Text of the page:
Ancient Aleppo Synagogue in Danger of Destruction Amid Fierce Battles Between Assad, Opposition Forces
One of the oldest synagogues in the world is likely to become another fatality in the Syrian civil war, due to its proximity to the latest strikes on the city of Aleppo, where the ancient Jewish house of worship is situated, the Hebrew news site Walla reported on Thursday.
The heavy bombardment of the city over the past several days by Russian- and Hezbollah-backed Assad regime forces, during which more than 500 people were reportedly killed, puts any structure in the vicinity at risk, Walla said.
In an attempt to salvage the contents of the synagogue – which is located right near a number of opposition sniper outposts targeted by Assad’s army — the aid organization Amalia made a public appeal for assistance in removing and preserving the Torah scrolls, prayer books and other holy objects from the building – to salvage them from the dustbin of history.
Amalia founder and president Israeli-American businessman Moti Kahana said the destruction of the synagogue “could also destroy any vestige of Jewish life that had been part of the city’s landscape for hundreds of years.”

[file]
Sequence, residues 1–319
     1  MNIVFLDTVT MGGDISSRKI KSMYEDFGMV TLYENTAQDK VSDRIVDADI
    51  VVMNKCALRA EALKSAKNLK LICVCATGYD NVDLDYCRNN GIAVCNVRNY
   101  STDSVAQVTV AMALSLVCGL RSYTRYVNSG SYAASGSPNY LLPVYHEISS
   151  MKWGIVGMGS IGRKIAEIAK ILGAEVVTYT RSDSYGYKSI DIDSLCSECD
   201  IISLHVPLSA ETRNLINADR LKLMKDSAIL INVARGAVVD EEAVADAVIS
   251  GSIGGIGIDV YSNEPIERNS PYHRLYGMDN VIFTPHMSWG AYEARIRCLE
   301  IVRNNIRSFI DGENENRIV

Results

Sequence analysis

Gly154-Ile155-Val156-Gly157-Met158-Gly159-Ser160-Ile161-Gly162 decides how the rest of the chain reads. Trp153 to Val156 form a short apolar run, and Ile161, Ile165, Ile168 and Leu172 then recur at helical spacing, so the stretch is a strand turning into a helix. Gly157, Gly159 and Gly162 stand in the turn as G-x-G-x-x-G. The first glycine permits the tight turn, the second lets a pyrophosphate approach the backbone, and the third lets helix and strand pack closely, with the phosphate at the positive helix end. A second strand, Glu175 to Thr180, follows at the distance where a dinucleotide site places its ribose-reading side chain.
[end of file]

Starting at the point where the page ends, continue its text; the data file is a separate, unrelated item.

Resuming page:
Kahana, who has reportedly spent millions of dollars over the past few years aiding Syrian victims of the raging civil war, added, “We are working in cooperation with members of the opposition in the city in order to salvage as much of the synagogue’s contents as possible. It is a long and expensive process, which is why we are appealing to every Jew from anywhere in the world to join our effort. Together we can rescue the story of the Jews of Aleppo.”
This is not the first time the synagogue has been in danger. In 2012, with the onset of the siege of Assad’s forces on Syria’s largest city, the building suffered from a number of direct hits during battles with the opposition. This caused the belief that the structure had been completely destroyed. But in 2014, reports emerged that the synagogue had survived the shelling.
When the last Jewish family in Aleppo was smuggled out of Syria during 2105, the synagogue was all that remained of the Jewish presence in the city, according to Walla.